We were at a stalemate, but some of the jurors were not sure of the patent prosecution process. Some were not sure of how prior art could either render a patent acceptable or whether it could invalidate it. What we did is we started talking about one and when the day was over and I was at home, thinking about that patent claim by claim, limit by limit, I had what we would call an a-ha moment and I suddenly decided I could defend this if it was my patent…And with that, I took that story back to the jury and laid it out for them. They understood the points I was talking about and then we meticulously went patent by patent and claim by claim against the test that the judge had given us, because each patent had a different legal premise to judge on. We got those all sorted out and decided which ones were valid and which ones were not. [link]
Oh, and I imagine that the judges in the Korean case, untainted by an unwashed jury, had those engineering degrees in their pockets?
What it came down to was not anything that technical. It was memos that basically said that Samsung needed to copy Apple and FAST!
History of the iPhone in Korea
For those who were not here in Korea or have forgotten, let me give a brief history of the smartphone in Korea. The iPhone had already been around for two years before it appeared on Korean shores in 2009. Before then, the average Korean didn’t have Apple on her radar. It was a maker of iPods, which were slowly creeping up on the market share of the popular iRiver MP3 players. People didn’t have Macs. If they did, they were useless because most Korean websites heavily depended on using Microsoft’s defunct ActiveX plug-ins to run them. Some still do, especially for security, even though Microsoft itself has publicly ditched ActiveX.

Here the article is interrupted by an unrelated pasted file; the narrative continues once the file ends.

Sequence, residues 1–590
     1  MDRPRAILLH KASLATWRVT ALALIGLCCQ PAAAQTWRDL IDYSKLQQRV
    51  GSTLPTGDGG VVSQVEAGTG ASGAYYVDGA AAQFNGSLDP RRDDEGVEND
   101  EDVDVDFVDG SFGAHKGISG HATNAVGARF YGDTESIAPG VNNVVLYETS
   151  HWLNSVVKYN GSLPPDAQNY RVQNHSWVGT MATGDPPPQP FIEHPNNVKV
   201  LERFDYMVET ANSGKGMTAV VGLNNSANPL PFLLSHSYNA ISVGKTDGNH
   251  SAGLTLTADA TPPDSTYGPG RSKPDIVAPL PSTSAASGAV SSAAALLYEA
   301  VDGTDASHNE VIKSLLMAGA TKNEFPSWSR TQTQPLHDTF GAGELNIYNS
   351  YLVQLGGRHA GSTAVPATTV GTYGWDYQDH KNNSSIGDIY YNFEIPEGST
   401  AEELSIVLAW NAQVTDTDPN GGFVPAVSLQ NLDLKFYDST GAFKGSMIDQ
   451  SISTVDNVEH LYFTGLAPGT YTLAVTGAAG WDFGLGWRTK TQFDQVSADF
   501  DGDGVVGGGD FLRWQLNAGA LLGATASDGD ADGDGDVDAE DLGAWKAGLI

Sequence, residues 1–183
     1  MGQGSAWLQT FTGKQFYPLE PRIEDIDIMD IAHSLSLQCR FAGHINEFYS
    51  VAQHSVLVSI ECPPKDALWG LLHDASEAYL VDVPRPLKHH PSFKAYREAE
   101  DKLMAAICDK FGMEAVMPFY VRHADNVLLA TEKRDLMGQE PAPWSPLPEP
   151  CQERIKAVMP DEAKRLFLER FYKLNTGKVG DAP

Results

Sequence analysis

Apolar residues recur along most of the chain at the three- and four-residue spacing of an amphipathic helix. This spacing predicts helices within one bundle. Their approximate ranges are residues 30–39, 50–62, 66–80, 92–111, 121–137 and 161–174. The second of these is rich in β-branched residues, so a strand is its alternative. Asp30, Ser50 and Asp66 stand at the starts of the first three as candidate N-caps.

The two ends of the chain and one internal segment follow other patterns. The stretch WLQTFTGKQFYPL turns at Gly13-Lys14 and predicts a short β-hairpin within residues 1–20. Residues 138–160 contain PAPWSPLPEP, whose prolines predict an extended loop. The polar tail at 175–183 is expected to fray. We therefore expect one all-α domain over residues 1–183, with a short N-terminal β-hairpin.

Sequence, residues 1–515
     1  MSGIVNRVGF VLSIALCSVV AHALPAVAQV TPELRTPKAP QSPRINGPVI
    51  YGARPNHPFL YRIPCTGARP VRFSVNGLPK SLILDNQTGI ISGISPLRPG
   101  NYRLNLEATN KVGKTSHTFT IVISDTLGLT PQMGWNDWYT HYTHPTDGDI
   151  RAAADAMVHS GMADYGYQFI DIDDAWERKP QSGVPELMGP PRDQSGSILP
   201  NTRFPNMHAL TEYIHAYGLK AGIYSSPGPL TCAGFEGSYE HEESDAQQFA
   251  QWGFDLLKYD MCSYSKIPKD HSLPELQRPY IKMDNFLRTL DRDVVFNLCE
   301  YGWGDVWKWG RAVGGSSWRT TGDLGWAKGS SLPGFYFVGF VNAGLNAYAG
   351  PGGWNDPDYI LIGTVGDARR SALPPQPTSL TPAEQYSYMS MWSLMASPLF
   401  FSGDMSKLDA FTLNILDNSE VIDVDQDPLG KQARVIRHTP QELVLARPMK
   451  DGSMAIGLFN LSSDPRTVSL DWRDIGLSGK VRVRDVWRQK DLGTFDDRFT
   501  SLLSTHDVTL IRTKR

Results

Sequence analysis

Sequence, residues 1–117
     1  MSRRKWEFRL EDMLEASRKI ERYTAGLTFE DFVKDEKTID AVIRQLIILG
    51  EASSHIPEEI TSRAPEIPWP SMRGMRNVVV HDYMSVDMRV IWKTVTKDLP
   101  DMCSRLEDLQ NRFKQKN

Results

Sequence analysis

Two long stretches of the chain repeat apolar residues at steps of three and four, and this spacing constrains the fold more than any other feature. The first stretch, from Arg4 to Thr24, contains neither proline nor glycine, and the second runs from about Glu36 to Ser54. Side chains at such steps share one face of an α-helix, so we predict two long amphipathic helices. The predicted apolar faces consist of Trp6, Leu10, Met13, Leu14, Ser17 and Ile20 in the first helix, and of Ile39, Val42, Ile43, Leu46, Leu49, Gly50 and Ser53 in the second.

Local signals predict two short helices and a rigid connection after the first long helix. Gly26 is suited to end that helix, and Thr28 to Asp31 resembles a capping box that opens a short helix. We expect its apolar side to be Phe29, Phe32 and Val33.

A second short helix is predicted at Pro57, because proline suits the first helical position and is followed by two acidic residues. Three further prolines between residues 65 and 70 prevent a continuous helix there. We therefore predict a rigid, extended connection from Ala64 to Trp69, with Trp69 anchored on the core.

The Korean mobile makers dominated the Korean marketplace. Nokia was sort of making an appearance, but it was flaccid. Samsung, LG, and company were innovating in making cell phones cuter and fuller of gimmicks, like the unfortunately named Magic Hole. And does anyone remember the craze for the Show phones? They even got K-Pop groups to team up on phone models, like the Lollipop model, whose TV campaign was a hit music video from (at the time) fledgling girl group 2NE1 and Big Bang.